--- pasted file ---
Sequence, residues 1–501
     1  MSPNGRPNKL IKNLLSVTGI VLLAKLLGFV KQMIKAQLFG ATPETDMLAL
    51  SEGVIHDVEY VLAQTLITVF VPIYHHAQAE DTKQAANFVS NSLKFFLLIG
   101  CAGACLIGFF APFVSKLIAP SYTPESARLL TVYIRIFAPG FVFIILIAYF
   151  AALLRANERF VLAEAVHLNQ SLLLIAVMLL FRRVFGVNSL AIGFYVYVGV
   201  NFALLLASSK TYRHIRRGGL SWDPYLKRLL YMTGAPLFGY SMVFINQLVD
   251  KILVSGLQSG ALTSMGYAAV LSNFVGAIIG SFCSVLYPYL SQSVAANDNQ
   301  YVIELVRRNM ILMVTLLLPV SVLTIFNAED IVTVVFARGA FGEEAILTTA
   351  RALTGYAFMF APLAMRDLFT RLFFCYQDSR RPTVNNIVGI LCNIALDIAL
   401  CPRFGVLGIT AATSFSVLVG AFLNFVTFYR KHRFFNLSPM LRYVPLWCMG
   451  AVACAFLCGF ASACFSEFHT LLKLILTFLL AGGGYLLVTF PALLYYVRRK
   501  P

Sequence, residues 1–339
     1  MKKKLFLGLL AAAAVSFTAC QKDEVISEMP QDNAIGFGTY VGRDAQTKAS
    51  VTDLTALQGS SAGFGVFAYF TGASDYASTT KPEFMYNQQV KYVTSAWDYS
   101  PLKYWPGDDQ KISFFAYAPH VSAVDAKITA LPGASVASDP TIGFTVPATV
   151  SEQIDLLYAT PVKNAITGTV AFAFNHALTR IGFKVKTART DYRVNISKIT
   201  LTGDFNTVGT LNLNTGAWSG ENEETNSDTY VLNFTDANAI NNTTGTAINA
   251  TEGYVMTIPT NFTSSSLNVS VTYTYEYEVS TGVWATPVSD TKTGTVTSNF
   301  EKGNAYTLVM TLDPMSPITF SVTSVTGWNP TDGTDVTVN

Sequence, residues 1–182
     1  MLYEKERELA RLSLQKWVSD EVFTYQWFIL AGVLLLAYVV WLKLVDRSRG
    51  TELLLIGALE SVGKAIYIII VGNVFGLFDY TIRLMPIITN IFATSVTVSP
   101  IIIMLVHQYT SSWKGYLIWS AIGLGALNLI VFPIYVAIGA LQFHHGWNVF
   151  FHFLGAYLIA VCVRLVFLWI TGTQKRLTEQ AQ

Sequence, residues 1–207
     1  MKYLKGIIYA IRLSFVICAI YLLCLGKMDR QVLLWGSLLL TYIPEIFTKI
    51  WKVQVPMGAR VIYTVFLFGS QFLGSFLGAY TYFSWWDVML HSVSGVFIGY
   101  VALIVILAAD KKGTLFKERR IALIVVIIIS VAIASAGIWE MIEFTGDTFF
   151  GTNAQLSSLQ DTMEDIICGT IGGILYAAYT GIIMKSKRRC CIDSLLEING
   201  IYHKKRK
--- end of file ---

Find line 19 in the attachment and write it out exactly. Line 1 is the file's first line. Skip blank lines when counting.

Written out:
   251  TEGYVMTIPT NFTSSSLNVS VTYTYEYEVS TGVWATPVSD TKTGTVTSNF